19. Cluster 2 conclusions • Rules of thumb reflect knowledge of boundaries or limits to action. • Caring competence is based on knowing what not to do that crosses lines (in terms of harming patients or disrupting those who are helping patients) or activates negative feedback (complaints or reputation damage to the hospital )

  20. Cluster 3: Knowledge Resources:Different knowledge sources and knowledge types

  21. #1 Knowledge from relationships with others Role in care delivery: Allows tailoring of response and planning of work flow Example: “Knowing illnesses of patients, that comes with knowing your area. But, it also comes with knowing your nurses, too. For instance, if there’s a patient that may have AIDS, okay? If you are a nurse and we’re good friends, I ask you and you tell me. “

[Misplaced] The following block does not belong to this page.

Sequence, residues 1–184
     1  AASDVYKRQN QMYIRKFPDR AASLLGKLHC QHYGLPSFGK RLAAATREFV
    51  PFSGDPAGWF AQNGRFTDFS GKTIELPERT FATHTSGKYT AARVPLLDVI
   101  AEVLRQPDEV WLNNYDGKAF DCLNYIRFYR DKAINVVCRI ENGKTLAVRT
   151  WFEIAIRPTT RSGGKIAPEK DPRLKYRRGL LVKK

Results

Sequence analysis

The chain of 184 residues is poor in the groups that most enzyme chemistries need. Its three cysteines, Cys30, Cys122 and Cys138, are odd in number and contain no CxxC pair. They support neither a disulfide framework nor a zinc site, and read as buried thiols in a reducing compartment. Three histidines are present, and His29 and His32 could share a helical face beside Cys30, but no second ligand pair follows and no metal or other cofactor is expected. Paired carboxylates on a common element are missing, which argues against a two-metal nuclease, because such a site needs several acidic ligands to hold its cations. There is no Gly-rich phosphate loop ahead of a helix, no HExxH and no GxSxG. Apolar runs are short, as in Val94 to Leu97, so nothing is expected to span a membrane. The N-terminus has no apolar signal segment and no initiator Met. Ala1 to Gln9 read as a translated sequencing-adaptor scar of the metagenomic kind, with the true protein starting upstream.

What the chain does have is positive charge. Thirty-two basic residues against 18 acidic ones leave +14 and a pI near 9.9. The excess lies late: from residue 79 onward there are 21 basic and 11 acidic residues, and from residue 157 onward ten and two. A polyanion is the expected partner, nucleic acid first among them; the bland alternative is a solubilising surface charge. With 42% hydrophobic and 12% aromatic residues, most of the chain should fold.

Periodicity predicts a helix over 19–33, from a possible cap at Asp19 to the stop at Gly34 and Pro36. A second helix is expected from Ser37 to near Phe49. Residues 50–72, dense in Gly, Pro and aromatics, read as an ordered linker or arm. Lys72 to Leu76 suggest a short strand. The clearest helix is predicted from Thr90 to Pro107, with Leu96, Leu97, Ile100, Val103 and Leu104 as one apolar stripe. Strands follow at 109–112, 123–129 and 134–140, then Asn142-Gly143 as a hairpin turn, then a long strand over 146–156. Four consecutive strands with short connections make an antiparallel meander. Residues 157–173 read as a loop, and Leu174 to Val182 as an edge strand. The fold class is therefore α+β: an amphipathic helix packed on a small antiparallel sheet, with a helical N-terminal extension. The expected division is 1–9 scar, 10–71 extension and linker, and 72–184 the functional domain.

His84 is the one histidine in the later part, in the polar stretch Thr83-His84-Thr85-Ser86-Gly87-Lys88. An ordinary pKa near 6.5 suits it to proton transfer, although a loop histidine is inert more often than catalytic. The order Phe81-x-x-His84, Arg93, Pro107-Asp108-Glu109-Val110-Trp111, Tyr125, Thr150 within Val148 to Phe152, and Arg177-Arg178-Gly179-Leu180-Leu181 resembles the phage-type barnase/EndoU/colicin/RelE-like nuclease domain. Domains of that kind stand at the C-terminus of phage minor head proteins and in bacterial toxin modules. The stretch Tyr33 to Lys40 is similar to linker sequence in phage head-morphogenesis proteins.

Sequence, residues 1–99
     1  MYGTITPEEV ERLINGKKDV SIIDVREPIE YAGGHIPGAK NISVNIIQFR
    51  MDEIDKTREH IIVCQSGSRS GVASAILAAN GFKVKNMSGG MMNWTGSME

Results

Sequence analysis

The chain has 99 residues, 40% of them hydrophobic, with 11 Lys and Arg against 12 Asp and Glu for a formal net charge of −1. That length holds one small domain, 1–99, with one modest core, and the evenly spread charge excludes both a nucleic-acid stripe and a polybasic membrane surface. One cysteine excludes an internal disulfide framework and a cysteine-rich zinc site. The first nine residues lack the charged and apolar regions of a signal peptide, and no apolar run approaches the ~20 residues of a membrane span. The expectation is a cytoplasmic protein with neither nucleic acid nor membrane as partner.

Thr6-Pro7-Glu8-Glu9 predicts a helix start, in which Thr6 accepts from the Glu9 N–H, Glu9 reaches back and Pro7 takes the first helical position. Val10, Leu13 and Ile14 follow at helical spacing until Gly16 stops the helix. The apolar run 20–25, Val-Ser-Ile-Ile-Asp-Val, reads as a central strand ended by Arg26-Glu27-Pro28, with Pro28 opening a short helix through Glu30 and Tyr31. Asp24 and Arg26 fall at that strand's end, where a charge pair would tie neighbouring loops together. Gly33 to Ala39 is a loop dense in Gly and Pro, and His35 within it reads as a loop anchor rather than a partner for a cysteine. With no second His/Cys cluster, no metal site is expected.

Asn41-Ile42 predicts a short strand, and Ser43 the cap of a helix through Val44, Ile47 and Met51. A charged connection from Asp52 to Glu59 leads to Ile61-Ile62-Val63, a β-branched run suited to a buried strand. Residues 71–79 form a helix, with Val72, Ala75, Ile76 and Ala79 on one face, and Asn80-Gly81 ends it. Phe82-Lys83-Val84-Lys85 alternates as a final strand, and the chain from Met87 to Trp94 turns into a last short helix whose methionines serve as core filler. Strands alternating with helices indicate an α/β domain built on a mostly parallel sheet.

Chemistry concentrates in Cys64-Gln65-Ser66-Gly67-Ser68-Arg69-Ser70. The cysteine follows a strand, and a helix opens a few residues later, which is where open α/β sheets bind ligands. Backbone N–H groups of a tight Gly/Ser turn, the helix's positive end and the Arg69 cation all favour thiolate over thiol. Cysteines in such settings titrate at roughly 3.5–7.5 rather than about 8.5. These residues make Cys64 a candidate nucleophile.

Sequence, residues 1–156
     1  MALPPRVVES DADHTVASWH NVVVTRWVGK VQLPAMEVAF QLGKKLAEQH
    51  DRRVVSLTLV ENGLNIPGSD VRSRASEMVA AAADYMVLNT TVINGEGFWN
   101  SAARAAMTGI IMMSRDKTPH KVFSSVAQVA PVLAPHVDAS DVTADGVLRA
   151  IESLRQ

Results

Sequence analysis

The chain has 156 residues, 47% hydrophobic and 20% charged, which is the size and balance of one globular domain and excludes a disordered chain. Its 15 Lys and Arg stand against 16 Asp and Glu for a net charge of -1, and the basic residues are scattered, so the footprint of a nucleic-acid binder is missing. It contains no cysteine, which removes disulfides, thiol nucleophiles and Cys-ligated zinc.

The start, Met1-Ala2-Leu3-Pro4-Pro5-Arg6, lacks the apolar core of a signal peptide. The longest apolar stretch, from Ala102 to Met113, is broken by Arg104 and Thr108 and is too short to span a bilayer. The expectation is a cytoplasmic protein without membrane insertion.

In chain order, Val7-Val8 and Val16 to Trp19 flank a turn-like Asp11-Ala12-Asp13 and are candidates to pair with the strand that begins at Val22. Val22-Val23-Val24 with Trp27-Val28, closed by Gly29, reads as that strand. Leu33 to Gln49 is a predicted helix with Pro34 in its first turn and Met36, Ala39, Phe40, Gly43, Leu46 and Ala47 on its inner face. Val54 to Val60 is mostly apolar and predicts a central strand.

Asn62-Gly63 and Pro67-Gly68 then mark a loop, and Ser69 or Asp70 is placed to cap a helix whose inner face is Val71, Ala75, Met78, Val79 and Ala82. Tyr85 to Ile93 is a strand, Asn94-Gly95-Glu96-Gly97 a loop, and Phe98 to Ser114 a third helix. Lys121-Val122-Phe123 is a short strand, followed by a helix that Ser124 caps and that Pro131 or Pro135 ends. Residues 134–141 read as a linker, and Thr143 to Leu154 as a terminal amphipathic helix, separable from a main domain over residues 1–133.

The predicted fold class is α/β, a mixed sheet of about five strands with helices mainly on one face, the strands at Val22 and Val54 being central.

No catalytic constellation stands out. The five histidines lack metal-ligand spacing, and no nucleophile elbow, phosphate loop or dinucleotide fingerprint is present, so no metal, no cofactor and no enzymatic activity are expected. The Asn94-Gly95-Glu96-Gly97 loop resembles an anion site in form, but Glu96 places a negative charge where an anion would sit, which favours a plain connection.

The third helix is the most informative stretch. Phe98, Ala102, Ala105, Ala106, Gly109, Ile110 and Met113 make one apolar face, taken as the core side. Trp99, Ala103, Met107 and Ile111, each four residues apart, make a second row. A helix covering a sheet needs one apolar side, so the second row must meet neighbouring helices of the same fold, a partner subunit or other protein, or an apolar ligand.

22. #2 Knowledge from perspective -taking Role in care delivery: Allows one to understand what other is thinking/feeling Example: “Patients’ visitors are kind of tough, you know. They’re, you know, the majority are in the corridors or waiting rooms. And when you’re doing trash or you’re cleaning carpeting in there, or getting the chairs organized…you’ve got to be very cordial with them, because they feel they’re paying the bill. They’ve got somebody in there that’s close to death. So you’ve really got to watch your mannerism”.

  23. #3 Knowledge from observing cues in context Role in care delivery: Allows one to adjust form and degree of caring Example: “There was a time in recovery I was watching TV on break and saw that a teenager had been to an accident with her brother and uh, realized that her brother was dead on arrival and the parents had to come in I guess, and view the body. And I had to uh, watch out for any other patients or any other visitors coming, you know, to go in this area, you know, to view the body or something. I just got done watching it on TV. “